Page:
Slow harvest, low stocks push China corn futures to new high

Corn futures in China have set new record highs as traders remain bullish amid the country’s slow harvest pace, depleted...

Corn futures in China have set new record highs as traders remain bullish amid the country’s slow harvest pace, depleted reserves and growing import demand, market sources told Agricensus Tuesday.

The most liquid corn futures contract on the Dalian Commodity Exchange moved up strongly after an eight-day national holiday last week, setting a new record high of CNY2,580/mt ($383/mt) as of Monday’s close.

That smashed the previous record of CNY2,570/mt ($382/mt), set in March 2015 with the move coming amid rumours that authorities have issued further import quotas in a bid to improve domestic supply.

“It is quite obvious that the domestic market is bullish. Trading houses are stocking up and farmer selling is slow. So I think it is difficult for the cash market [price] to fall at the moment,” said one China-based futures trader.

“There has been some [corn crop] lodging in the northeast and harvest has been slow,” one corn trader said, with lodging occuring when corn stalks were knocked over after a series of typhoons raged through some of the main producing regions.

During Tuesday trading, the corn contract’s price has hovered near the new record high for most of the day, finding support at CNY2,562/mt ($381/mt) as of the market close as traders continued to price in the stagnant harvest pace in northern China and low stocks.

China auctioned a total of 56.84 million mt of corn reserves between May and September this year, a process that came at the end of a five-year campaign to de-stock national reserves that kicked off in 2016.

Despite achieving its target and reducing inventory levels, the market is now faced with the challenge of tight supply.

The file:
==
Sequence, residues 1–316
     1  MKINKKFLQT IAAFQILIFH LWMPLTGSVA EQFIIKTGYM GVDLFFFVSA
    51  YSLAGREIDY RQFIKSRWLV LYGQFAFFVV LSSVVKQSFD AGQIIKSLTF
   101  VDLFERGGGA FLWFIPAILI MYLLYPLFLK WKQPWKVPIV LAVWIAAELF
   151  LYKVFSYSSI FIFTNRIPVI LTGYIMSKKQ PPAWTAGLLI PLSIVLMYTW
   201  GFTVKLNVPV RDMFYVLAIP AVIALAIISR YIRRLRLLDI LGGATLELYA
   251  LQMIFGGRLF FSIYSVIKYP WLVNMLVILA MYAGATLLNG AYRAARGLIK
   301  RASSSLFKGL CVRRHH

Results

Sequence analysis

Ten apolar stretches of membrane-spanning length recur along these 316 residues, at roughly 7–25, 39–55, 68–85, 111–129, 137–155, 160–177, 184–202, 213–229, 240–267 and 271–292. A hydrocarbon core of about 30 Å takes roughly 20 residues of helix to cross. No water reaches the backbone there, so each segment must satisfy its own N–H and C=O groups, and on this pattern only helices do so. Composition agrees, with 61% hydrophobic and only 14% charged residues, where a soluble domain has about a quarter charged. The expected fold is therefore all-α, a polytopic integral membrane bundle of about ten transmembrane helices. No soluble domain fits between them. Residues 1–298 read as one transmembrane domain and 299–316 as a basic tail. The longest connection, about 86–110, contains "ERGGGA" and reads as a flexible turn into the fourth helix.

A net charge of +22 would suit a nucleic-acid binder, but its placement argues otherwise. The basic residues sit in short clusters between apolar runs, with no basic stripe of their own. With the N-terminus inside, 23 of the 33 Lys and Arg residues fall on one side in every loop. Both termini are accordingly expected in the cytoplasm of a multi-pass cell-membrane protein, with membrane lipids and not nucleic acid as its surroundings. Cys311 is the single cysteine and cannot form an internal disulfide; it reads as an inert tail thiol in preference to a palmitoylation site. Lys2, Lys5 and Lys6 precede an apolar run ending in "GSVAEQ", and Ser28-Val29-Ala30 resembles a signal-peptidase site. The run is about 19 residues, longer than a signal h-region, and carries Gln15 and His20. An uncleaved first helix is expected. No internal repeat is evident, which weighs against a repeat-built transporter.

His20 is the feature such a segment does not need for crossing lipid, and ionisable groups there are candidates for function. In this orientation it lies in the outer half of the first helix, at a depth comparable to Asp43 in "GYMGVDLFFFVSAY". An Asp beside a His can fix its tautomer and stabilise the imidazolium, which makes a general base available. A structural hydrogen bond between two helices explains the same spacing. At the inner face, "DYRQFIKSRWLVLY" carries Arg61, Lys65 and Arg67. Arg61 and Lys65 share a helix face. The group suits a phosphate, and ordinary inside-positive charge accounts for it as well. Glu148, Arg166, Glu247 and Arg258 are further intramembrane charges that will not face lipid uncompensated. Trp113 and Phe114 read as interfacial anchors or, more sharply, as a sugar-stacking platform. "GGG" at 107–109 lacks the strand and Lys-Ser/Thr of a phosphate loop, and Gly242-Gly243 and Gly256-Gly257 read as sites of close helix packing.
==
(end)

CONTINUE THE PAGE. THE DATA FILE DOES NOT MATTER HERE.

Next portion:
Quota boost?

One way to alleviate the tight supply situation is to import more corn from abroad and the market has been fed with a new round of rumours that the Chinese government is looking to grant an additional quota to importers.

Most sources suggest a figure of up to 10 million mt, but some sources are quoting an extension of up to 20 million mt as China grapples with a shortage of supply. 

“The corn price is too high. It is possible that imports have surpassed the (existing) quota… corn stocks were all auctioned out,” said one source in the Chinese state-owned importer.

The Chinese government has already issued about 7 million mt worth of quota to importers this year and the market previously rumoured that an additional 10 million mt quota was issued to state-owned importers back in May this year amid fears of a supply gap.

China’s corn imports in the first eight months of 2020 have also totalled 5.6 million mt, up nearly 50% from the same period last year and mostly from Ukraine and the US, according to China Customs data.

Agricensus analysis suggests that as much as 6.3 million mt of corn has been shipped to China from the US and Ukraine already up to the end of September, but there remains a significant volume still to be shipped to China.

According to the USDA, China has booked a total of 9.98 million mt of corn from the US, of which 8.87 million mt has not yet been shipped to China, while line-up data for Ukraine’s ports shows another 583,300 mt of corn is nominated for shipment to China in October alone.

China’s agriculture ministry expects the country imports in 2020/21 marketing year to hit 7 million mt amid a domestic harvest of 265 million mt and a total demand of 288 million mt.

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